We got our start in 1981 as a small Pentagon watchdog—an offshoot of the National Taxpayers Union and funded by a mix of conservative and progressive foundations. With the help of Pentagon insiders and government documents, our small organization brought to light wasteful Pentagon spending, such as $7,600 coffee pots and $435 hammers. Then we began shining the light on the ineffectiveness of larger weapons systems such as the 1982 M1-Abrams tank—about which the Pentagon falsified testing reports and put soldiers at risk.
We realized fairly quickly that waste, fraud, corruption, and abuse of power wasn’t limited to the Pentagon but was a widespread problem across the federal government. So we decided to expand our mission, and have been keeping a watchful eye over the entire federal government for 29 years.
Throughout that time, we’ve continued to grow and add to our programs and staff in order to be even more effective.
In 2006, we launched the Congressional Oversight Initiative (COI) when we realized Congress needed help to become more effective at conducting oversight of the executive branch and to exercise its role in our democracy’s system of checks and balances.
This initiative’s goal isn’t to point fingers when Members of Congress fail to do their part, but to help provide resources, knowledge, and skills that congressional staff need to do their job more effectively.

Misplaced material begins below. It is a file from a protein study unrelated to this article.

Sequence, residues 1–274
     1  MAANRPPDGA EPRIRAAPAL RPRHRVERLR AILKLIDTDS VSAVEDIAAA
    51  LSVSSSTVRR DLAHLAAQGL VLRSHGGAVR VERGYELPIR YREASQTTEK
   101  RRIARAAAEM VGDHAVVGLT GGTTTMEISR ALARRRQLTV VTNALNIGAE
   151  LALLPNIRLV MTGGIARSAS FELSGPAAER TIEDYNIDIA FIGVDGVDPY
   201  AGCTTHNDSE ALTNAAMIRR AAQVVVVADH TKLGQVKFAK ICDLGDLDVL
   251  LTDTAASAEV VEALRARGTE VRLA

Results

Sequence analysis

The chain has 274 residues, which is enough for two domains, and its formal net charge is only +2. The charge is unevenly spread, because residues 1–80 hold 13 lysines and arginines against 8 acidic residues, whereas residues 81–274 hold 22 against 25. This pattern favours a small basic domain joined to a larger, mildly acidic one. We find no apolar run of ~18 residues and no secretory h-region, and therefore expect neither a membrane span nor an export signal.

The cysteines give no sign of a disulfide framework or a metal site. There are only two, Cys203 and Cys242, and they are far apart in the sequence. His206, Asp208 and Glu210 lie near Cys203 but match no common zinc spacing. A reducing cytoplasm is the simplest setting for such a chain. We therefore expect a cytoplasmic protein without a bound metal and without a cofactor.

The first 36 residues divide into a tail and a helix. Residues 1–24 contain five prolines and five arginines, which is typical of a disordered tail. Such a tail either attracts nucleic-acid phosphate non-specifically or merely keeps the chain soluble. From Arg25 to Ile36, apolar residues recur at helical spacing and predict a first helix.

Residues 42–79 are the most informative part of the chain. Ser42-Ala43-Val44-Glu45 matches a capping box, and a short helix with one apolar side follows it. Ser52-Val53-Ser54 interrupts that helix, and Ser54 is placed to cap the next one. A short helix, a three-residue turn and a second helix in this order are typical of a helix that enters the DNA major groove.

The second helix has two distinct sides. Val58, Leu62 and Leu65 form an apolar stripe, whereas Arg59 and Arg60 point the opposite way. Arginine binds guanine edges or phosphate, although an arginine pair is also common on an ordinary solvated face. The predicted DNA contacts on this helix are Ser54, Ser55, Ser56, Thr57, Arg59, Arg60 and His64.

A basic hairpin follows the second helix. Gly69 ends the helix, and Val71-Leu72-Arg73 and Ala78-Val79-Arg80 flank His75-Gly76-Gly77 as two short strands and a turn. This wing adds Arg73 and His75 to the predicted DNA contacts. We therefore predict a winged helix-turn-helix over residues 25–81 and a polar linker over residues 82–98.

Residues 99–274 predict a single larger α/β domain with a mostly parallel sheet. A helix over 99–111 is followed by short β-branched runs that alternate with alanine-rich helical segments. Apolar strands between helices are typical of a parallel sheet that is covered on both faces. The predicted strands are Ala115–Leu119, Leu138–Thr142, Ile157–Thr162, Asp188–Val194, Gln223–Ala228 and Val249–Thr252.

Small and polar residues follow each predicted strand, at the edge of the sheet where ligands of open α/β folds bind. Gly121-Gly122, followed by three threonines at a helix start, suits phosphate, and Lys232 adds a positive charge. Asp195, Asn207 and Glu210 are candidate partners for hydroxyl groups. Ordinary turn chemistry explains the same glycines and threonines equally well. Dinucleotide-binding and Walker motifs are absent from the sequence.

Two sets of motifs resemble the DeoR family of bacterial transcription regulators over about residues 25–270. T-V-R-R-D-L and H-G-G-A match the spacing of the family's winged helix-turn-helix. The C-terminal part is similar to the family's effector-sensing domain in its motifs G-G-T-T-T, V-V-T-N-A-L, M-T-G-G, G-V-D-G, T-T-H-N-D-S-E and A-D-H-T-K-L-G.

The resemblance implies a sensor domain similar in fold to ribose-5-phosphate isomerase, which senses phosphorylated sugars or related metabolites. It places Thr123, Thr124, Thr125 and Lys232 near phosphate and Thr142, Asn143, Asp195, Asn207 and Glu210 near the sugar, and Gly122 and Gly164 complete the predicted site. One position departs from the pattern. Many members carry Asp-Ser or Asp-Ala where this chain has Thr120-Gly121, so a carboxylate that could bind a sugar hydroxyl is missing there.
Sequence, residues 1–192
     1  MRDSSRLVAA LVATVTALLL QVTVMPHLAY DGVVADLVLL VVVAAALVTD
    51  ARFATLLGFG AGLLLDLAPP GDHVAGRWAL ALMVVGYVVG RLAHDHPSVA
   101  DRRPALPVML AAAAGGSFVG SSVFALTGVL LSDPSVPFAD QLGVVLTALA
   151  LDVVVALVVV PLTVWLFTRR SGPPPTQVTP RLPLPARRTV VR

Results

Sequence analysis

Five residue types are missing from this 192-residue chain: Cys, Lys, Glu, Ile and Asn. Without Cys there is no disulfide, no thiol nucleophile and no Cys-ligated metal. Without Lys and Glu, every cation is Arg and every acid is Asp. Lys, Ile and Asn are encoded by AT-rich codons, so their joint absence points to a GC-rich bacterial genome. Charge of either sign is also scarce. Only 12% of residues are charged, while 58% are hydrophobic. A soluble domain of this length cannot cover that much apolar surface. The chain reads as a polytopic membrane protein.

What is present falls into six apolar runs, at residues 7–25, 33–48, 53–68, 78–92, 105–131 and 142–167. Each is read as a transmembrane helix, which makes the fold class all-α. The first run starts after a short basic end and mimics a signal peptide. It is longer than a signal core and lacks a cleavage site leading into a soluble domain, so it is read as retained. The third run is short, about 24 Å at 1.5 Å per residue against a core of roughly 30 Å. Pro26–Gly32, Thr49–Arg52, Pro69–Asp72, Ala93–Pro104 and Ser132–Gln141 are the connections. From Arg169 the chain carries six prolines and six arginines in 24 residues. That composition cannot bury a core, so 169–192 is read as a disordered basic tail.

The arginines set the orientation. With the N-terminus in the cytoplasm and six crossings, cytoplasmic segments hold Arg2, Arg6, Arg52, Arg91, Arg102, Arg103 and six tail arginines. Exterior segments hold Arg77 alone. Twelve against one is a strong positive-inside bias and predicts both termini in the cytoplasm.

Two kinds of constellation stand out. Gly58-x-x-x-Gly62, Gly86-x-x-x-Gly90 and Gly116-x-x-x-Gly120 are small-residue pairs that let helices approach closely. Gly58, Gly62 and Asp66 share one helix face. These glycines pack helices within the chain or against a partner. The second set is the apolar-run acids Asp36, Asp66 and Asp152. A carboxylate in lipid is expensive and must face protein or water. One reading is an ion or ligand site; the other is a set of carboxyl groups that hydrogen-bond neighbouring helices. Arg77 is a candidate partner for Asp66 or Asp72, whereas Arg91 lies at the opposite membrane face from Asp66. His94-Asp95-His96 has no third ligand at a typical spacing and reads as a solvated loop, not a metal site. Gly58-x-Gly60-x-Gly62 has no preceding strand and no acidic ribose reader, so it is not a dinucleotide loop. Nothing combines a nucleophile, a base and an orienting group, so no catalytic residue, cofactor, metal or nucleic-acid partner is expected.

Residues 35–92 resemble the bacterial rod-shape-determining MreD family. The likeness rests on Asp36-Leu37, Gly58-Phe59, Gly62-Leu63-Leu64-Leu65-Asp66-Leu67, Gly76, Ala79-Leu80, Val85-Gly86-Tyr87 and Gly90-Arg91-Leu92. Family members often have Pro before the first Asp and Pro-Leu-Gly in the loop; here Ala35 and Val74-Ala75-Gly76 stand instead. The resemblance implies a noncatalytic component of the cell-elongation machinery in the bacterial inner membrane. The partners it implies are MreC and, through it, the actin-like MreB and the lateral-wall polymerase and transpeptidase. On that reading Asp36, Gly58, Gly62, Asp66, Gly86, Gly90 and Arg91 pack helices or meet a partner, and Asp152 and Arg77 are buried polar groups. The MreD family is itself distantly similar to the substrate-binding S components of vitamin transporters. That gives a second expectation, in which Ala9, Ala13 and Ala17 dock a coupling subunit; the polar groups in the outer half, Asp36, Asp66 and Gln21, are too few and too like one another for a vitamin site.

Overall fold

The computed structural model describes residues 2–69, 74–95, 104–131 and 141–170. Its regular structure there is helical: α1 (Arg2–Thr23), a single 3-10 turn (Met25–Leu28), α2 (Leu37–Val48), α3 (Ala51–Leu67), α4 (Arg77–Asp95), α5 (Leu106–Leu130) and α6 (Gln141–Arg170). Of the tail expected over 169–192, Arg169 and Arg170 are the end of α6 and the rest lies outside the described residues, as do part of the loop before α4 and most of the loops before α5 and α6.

In 2012 we added the Center for Defense Information (CDI) to our ranks. We are still raising concerns about wasteful Pentagon spending programs like the F-35 Joint Strike Fighter, but are also now focusing on creating a more effective national security policy that protects our country and the men and women fighting for it rather than one that lines the pockets of defense contractors.
In 2016 the Center for Effective Government (formerly known as OMB Watch) merged with POGO, bringing its expertise in regulatory policy and federal government processes. This expertise bolstered POGO’s role in fighting for a federal government that is transparent and accountable to the American people, not just to the politically powerful industry and other special interest lobbyists and donors.
And in 2017 The Constitution Project (TCP) joined POGO, bringing a whole new range of expertise so we can combat the increasing partisan divide on our constitutional rights and liberties, while also ensuring that our democracy’s system of checks and balances is working properly.